Welcome to the Comox Trunks Sew-Along. Each post will only involve about half an hour of sewing which makes this a great sew-along to follow if you are fairly new to sewing and a little overwhelmed or if you have a really busy schedule.
- April 4th: Choosing your fabric and elastic
- April 6th: Picking a size and ideas for customizing (lengthen the legs, enlarge the front cup, create narrower legs, or remove the right exit fly)
- April 8th: Cutting out your fabric and preparing your machine
- April 10th: Sewing the trunks front
- April 12th: Sewing the trunks back
- April 14th: Hemming the trunks
- April 16th: Attaching the elastic waistband (or adding a fabric covered waistband) – We’re done!
Welcome to Day 2 of the Comox Trunks sew-along!
Do you have your fabric picked out? You still have time to pre-wash it as we won’t be cutting out the pieces until Tuesday, April 8th.
Today we are choosing a size and later in the post I will show you some ideas I and a few other sewers have had regarding how to customize your trunks for the perfect fit and style.
First off, when choosing your size, it is important to realize that it is largely the elastic waistband that determines the fit of the trunks. Everyone has slightly different proportions to their waist, hips and butt and they may also have preferences to how tight or loose they like elastic waistbands to be (underwear are a very personal thing!). Also, there are many types of elastic which have different amounts of stretch to them. If the elastic you choose stretches more or less than our sample elastic did, you will end up with a different fit than we did!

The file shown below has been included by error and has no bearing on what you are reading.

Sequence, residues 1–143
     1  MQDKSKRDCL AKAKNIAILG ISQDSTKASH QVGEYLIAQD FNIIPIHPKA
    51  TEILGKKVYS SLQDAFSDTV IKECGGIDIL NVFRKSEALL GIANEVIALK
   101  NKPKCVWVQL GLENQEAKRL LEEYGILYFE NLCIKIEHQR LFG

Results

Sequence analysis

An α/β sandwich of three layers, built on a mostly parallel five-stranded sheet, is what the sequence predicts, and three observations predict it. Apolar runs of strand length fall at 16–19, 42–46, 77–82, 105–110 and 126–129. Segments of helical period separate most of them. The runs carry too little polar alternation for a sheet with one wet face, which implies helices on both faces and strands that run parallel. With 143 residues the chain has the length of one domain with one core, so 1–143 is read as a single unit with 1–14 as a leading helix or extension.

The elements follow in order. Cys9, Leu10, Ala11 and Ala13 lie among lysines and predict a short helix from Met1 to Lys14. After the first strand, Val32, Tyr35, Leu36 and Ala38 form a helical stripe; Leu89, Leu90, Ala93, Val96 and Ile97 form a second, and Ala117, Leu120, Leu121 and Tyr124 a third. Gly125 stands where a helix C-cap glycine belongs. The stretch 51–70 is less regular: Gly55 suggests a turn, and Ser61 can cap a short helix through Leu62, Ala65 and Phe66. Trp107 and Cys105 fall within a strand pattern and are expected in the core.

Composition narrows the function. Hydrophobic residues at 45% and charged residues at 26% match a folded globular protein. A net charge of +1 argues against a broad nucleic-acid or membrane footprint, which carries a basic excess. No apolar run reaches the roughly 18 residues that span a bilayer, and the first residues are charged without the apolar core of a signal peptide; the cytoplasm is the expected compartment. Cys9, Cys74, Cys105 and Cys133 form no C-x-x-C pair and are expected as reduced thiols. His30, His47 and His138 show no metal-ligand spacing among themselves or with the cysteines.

I recommend using our body measurement guide to choose the size for the fabric portion of the trunks as you normally would for a sewing pattern but then wrap the elastic directly around the wearer to choose the length of your elastic. We have provided guideline measurements for the elastic in our “Materials Required” chart in case you prefer to use our estimates (if the trunks are a gift, for example), but otherwise, this is how you figure out how much elastic you will need: